The WebP Mime Type

Information about the WebP content type, and how we might handle webp images in PHP.


By. Jacob

Edited: 2021-03-18 07:21

Mime Type of webp images.

The content-type (aka. Mime Type) used for WebP images is image/webp, and the standard file extension is .webp.

WebP is a modern image format that offers superior compression to png and jpg, which helps to more quickly load web pages.

The webp format is supported by most modern browsers, and recently Apple's Safari browser also started supporting webp, this happened with the release of iOS 14 on September 16, 2020.

A typical header response for a webp file may look like this:

HTTP/1.1 200 OK
content-type: image/webp
content-length: 22454

To deliver a image/webp content-type from PHP:

header('content-type: image/webp');
echo $image_data;

Delivering alternative formats for clients

Older browsers do not support webp, and Apple only started supporting it in iOS 14. Additionally, some social media websites might also not support webp.

Facebook and Twitter both do support webp, but LinkedIn does not yet support it. When a link is shared on these sites an image snippet is usually shown along with the link — but the image is only displayed if the site supports the format. This is just something to keep in mind if you plan on switching.

We can sometimes solve these problems by delivering an alternative format to clients that do not understand the webp format; this can be done either by converting the images, or using the HTML picture element.

Note. You can use Beamtic's file handler class to do this, as it will automatically convert, and redirect .webp images to .jpg. It will even redirect to .avif for clients that supports it.

Using the picture element

The picture element allows us to include multiple images, and have the client automatically pick whichever is supported.

In practice, this will look like:

  <source srcset="/path/to/file/some-file-name.webp" type="image/webp">
  <source srcset="/path/to/file/some-file-name.jpg" type="image/jpeg"> 
  <img src="/path/to/file/some-file-name.jpg" alt="If your browser does not support the picture element.">

The image contained in the img element will be displayed if the picture element is not supported.

Converting webp to jpg

If a client supports the webp format, the accept header will contain image/webp; to check for the string we may use strpos (or str_contains in PHP8):

if (false == strpos($_SERVER['HTTP_ACCEPT'], 'image/webp')) {
  echo '<b>image/webp</b> is not supported by your client!';

Of course, this is not going to be enough to deliver an alternative format; to do that we will also need to convert the image.

Note. Converting images can be done with the GD library, which you may need to install manually since it does not come with PHP.

To also convert the image, we can use the below code:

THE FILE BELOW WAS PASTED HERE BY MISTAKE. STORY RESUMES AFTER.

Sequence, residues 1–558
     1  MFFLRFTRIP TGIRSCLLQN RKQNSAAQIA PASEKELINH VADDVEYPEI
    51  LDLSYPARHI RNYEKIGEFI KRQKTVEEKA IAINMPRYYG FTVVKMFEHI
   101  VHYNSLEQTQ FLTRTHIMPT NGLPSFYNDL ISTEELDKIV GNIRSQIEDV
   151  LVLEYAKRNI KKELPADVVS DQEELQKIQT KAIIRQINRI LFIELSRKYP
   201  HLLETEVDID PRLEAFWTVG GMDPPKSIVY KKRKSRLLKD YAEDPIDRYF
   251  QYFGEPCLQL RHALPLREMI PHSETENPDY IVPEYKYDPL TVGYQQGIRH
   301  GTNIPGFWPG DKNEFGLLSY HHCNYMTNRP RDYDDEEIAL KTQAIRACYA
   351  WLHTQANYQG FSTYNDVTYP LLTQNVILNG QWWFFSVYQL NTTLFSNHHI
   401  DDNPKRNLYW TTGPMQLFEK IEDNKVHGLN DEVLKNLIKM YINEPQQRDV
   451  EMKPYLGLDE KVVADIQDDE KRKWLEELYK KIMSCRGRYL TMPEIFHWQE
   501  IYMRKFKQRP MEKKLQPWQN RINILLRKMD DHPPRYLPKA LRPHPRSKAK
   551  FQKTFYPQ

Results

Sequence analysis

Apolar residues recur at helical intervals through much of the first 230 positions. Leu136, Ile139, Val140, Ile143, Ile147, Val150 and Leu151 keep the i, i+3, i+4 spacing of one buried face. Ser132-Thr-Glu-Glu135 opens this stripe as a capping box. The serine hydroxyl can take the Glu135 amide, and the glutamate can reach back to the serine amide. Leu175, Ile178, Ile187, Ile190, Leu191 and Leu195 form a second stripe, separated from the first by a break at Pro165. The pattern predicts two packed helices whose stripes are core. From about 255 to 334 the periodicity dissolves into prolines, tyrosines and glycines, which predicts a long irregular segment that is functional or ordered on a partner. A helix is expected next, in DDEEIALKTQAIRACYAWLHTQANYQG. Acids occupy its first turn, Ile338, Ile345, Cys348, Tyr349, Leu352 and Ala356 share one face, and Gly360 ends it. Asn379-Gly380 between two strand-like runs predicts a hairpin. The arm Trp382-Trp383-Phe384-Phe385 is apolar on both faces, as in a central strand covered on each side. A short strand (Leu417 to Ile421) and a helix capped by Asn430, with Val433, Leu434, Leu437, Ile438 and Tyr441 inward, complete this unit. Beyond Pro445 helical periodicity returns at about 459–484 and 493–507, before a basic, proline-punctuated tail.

$img = imagecreatefromwebp('/path/to/file/some-file-name.webp');

// Convert the file to jpg with 80% quality
imagejpeg($img, null, 80);

The above would output the file directly to the client, on the same requested URL.

This is bad for the user experience, since the file will have incorrect file extension. It works because the file type is determined by the mime type rather than the file extension in the URL — it just tends to confuse users.

A better solution is to save the image, and then redirect to the saved (converted) version.

If we instead want to save it, we should change the second parameter of the imagejpeg function:

imagejpeg($img, '/path/to/file/some-file-name.jpg', 80);

Then, if the client does not support webp, we may redirect the client to the new file:

if (false == strpos($_SERVER['HTTP_ACCEPT'], 'image/webp')) {
  header('Location:', false, 307);

Regardless of the method you use, there is no guarantee it will work with all services. Browser support tends to be good for both methods, but a "snippet crawler" might not follow a redirect, as seems to be the case with LinkedIn.

Why use a 307 redirect?

When an image is redirected, a client should automatically request the alternative resource.

A 307 redirect is temporary, which I think makes it a good candidate for delivering alternative resources. You can remove the redirect once there is more broad support for webp. Presumably web services and browsers that still does not support webp, will, at some point, be updated, and our redirect will no longer be needed.

Unfortunately, some services have incomplete support for the HTTP protocol, and they will simply not follow a redirect. As of 2021, an example of this is LinkedIn's "preview crawler". LinkedIn does not support webp, and it also refuses to accept jpeg images with .webp extension. In fact, it appears to flat out not request .webp files, so a redirect also will not work.

These inconsistencies makes it very difficult to support services that does not accept a webp file.

What is the best solution

A redirect is the best solution, because you avoid confusing users by delivering images with the wrong file extension.

Delete unneeded files

Remember to delete the .jpg version of the files once they are no longer needed, to do this we may use a command from terminal. Before running the below command, try running it without -delete to get a list of found files:

find [/path/to/directory] -type f -iname '*.jpg' -or -iname '*.jpeg' -delete


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